Climate change will as well have a large macroscopic as a microscopic impact on the survival of cultural heritage. Macroscopically whole sites are threatened such as the natural sites of the Great Barrier Reef in Australia and the Kilimanjaro National Park in Tanzania. But also known archaeological sites as Chan Chan and the Machu Picchu complex in Peru are very vulnerable.

However the threat does not limit itself to these sites. Hundreds of cities all over the world are threatened. Two thirds of all cities with more than 5 million people are situated less than 100 km from the coast. Nearly 650 million people leave on land that is less than 10 meter above sea level. In Europe Denmark, part of the coast of England, Belgium and especially The Netherlands are in the danger zone. It is also in all those cities, close by the sea, that we find the largest concentration of art and cultural heritage. It is a quantified certainty that cultural heritage is now threatened worldwide.

International organizations such as UNESCO, ICOMOS and ICCROM sounded the alarm-bell already years ago. UNESCO published in 2007 a publication called: “Case Studies on Climate Change and World Heritage”. In this publication cities as London, Venice, the heart of Prague and Timbuktu (Mali) are considered as threatened. In London it concerns the complete site of Westminster, the National Greenwich Museum and the Tower. Venice is completely threatened, not only because the sea level rises but also because the city is sinking into the lagoon.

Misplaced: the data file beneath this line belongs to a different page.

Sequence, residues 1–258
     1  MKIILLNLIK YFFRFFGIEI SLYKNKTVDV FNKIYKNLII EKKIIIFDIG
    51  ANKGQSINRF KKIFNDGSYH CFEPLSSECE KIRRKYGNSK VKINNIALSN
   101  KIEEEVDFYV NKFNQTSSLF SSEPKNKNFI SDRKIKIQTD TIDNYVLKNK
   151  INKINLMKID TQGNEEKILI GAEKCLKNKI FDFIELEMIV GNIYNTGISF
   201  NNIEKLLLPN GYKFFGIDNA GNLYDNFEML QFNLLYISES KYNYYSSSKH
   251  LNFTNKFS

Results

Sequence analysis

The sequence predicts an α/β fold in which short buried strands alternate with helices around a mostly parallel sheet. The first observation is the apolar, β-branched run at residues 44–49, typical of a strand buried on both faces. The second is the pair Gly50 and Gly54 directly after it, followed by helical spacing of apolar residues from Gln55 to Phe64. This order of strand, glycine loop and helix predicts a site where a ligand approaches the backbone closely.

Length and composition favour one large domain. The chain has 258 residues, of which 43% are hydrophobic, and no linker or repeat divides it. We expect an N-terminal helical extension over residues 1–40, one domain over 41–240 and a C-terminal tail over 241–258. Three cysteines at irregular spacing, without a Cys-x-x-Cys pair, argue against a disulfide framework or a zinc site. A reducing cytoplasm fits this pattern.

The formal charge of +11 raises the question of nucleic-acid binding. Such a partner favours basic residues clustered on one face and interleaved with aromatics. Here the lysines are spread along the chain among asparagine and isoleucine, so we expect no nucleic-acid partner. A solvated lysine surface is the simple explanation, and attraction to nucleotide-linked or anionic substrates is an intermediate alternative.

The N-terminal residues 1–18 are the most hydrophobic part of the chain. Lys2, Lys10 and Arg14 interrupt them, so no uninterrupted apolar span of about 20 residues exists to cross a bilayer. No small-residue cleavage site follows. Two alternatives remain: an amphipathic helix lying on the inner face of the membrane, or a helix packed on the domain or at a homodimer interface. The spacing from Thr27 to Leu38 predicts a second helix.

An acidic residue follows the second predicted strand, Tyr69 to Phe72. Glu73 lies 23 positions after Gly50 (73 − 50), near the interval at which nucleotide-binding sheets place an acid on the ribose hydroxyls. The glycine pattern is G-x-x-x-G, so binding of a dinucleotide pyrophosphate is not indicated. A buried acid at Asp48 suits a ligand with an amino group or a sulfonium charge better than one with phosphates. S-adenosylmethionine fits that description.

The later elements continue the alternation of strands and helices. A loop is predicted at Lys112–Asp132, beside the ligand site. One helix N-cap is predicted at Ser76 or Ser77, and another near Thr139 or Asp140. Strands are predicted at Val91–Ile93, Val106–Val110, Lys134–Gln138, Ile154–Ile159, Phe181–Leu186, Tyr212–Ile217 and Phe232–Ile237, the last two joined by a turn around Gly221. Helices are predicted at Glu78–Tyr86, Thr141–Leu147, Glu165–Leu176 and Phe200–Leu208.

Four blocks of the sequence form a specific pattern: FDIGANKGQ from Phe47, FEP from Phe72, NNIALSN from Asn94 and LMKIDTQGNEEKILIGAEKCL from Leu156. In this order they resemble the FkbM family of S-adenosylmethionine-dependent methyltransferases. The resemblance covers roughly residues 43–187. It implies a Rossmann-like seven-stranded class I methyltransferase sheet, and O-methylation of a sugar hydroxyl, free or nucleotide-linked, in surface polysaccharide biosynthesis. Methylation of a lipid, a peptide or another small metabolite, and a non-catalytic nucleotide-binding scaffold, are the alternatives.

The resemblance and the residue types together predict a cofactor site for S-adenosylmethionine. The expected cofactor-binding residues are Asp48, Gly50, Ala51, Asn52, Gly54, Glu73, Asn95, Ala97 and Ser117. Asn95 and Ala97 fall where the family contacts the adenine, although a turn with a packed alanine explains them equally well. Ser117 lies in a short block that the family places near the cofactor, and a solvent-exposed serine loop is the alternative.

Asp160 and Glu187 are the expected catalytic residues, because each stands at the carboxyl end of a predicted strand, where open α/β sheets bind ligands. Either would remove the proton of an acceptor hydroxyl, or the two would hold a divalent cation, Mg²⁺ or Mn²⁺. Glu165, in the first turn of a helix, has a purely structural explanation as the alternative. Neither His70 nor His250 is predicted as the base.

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Foto: Unesco Publication

For The Netherlands the situation will become dramatic over time. One third of the country lies below sea level and the water level of its main rivers. It is protected by dunes, dikes and the Delta Works flood barrier, an ingenious flood barrier system. Even so, nobody can guarantee that climate change cannot alter this situation. If massive flooding occurs there will not only be human casualties (cfr. the flood in 1953), but cultural heritage will suffer a considerable damage and loss.

Flanders lies above sea level, but still quite low, which makes it also vulnerable. Large pieces of the provinces of West-Flanders, East-Flanders and Antwerp are lower than 30 m above sea level. This may seem much, but a combination of low height with high tide and heavy storms can produce serious flooding, which can cause irreversible damage to heritage collections and buildings. In practice the cities of Bruges, Ghent and Antwerp are all three within the danger zone.

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Foto: Alex Tingle's Flood Map (2007)